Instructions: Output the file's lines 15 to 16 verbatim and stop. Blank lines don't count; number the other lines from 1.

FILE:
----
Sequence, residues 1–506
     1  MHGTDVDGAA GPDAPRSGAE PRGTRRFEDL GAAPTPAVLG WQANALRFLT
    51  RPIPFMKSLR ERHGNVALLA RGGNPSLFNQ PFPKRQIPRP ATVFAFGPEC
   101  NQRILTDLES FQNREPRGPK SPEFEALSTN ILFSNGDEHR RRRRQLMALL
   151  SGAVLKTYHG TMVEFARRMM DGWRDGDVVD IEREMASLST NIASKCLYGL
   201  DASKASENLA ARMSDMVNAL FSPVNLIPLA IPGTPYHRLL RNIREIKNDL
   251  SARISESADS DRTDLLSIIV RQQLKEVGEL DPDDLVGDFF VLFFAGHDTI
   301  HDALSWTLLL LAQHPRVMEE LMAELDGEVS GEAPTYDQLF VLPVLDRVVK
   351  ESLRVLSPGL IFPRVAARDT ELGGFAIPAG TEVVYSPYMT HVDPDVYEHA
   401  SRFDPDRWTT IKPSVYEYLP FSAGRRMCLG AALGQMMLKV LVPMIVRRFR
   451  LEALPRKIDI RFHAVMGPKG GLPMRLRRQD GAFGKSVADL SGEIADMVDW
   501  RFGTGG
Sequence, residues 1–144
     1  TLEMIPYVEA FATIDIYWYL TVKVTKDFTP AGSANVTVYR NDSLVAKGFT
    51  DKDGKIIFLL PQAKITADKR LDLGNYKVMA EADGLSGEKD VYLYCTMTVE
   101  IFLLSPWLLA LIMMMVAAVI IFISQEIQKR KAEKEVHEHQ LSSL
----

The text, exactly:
    51  DKDGKIIFLL PQAKITADKR LDLGNYKVMA EADGLSGEKD VYLYCTMTVE
   101  IFLLSPWLLA LIMMMVAAVI IFISQEIQKR KAEKEVHEHQ LSSL